Photo/Illutration Kunisaburo Kobayashi holds a jacket worn by his son, Satoru, on the day he was attacked in 1996, at his home in Kasukabe, Saitama Prefecture, on Dec. 10. (Emi Iwata)

Tokyo police sent a murder case to prosecutors without naming a suspect, a procedure that officially wraps up the investigation and ends the long, determined but ultimately failed quest for justice by the victim’s father.

It is unusual for police to terminate a murder investigation since there is now no statute of limitations on the crime.

However, it was the father himself who asked for the end to the probe.

“They can’t continue investigating forever. They have done enough,” Kunisaburo Kobayashi, 75, said after the papers were sent to prosecutors on Dec. 11. “I feel empty at heart, but I thought it would be good for society.”

Kobayashi had taken extraordinary measures, including leaving his job, to search for his son’s killer and battle time constraints on the investigation.

The incident occurred on April 11, 1996. Satoru Kobayashi, then a 21-year-old senior at Rikkyo University from Kasukabe, Saitama Prefecture, was knocked down by a man during a quarrel on a Yamanote Line platform at JR Ikebukuro Station in Tokyo.

The student hit his head hard and died of traumatic brain hemorrhage five days later without regaining consciousness.

When Kobayashi saw Satoru’s body at a hospital, he said he felt that his son, whose pupils were dilated, was telling him to do something.

Kobayashi pledged to devote himself to finding justice for Satoru and thought that he could mourn the soul of his son by making his family strong.

Tokyo’s Metropolitan Police Department initially investigated the incident as a case of inflicting injuries resulting in death.

Kobayashi started asking the public at the station for information two weeks after the incident.

He reminded himself not to succumb to sorrow and distress and to never forget the bitterness he felt. He distributed handmade fliers with tears streaming down his face.

At the time, the statute of limitations for the crime of inflicting injuries resulting in death was seven years. For murder, it was 15 years. The big difference between the two crimes is that murder carries the intention to kill.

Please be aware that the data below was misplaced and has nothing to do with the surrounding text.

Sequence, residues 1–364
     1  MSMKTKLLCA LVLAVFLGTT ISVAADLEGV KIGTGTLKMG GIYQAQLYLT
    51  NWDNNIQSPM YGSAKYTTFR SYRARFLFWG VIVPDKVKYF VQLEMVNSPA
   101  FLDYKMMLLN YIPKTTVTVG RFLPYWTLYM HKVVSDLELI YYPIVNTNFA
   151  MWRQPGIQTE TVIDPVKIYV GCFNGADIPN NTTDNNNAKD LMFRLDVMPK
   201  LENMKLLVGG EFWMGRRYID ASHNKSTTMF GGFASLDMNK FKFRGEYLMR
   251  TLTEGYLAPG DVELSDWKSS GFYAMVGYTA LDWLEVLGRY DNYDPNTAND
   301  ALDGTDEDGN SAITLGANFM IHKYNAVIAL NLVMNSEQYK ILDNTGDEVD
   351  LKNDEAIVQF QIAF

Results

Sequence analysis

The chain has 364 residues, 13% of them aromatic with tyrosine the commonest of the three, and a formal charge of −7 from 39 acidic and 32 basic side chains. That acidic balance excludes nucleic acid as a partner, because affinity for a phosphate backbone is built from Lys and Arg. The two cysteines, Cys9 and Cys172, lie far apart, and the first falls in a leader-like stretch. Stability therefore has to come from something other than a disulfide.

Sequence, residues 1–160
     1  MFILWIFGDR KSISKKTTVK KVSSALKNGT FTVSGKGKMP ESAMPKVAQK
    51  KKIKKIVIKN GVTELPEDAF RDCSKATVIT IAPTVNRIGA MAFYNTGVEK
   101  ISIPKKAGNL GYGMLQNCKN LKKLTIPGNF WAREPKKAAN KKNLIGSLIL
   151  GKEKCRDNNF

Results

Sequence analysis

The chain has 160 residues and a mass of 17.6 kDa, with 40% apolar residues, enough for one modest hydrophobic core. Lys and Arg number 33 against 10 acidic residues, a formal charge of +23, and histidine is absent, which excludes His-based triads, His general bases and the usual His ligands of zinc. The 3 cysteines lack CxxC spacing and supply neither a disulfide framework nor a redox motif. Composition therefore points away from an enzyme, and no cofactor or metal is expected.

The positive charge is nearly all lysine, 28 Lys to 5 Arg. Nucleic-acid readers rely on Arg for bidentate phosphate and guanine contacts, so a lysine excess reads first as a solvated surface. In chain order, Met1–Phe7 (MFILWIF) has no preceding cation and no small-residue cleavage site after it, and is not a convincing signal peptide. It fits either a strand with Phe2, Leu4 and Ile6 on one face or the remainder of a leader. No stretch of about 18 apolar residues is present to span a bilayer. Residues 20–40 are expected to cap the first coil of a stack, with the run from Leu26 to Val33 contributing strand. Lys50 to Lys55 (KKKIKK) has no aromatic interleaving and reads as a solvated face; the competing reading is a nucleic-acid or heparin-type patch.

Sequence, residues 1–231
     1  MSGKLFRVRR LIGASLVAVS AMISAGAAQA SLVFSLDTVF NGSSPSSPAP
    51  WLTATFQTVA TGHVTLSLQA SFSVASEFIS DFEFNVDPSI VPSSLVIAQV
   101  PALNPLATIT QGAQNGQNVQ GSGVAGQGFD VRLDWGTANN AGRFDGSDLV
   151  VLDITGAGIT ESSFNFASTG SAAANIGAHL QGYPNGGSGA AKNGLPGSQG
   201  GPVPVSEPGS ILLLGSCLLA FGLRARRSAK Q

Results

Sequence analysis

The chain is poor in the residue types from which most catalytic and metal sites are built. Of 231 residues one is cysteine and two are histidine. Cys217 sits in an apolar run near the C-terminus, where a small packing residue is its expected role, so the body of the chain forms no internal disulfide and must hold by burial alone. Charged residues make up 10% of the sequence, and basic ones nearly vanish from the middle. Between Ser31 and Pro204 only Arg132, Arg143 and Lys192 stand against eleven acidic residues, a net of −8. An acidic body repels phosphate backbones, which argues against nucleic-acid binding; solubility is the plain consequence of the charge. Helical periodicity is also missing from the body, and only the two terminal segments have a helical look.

But Kobayashi thought the only person who would know about “intention” was the perpetrator.

Flipping through “Roppo Zensho” (A compendium of laws) used by Satoru at the university, the father saw no reason for police to investigate the case on the lesser charge. He said he felt deeply upset about “inequality before the law.”

As he handed out the fliers, he explained the reality of the situation to passers-by.

“I thought I could leave traces of my son’s life by changing society for the better, even if only slightly,” Kobayashi recalled.

In 2001, two years before the statute of limitations in the case was to expire, Kobayashi left the bank he had long worked for to focus on extending the statute of limitations in his son’s case. Kobayashi was 55 years old at the time.

He submitted a petition signed by 35,000 people at Ikebukuro Station and elsewhere to the Justice Ministry in July 2002. In March 2003, one month before the statute of limitations was to expire, the MPD revised the charge to murder.

The statute of limitations for murder was abolished in 2010, when the Criminal Procedure Law was revised.

But Kobayashi couldn’t appreciate the change because he felt it was unfair to the families of victims of crimes whose statutes of limitations had expired before the revision.

“There are bereaved families who can be saved and others who can’t be,” Kobayashi said. “It’s not doing any good for society.”

Sticking to his belief in attaining equality before the law, Kobayashi stopped distributing fliers after April 11, 2012. He visited the National Police Agency five days later, on the anniversary of Satoru’s death, to ask for the termination of the investigation.

He wanted the police to concentrate their limited manpower and budget on other cases.

In early December, eight and a half years after the request, Satoru’s personal items were returned to his family. Kobayashi felt a heart-wrenching pain as he looked at the shiny navy blue shirt and gray jacket worn by his son on that day.

He also found the faded word “Ikebukuro” on a JR ticket purchased by Satoru.

The father said he intends to keep making recommendations on the legal system and other matters.

The MPD said it will “continue investigations” by asking the public for information and making other efforts.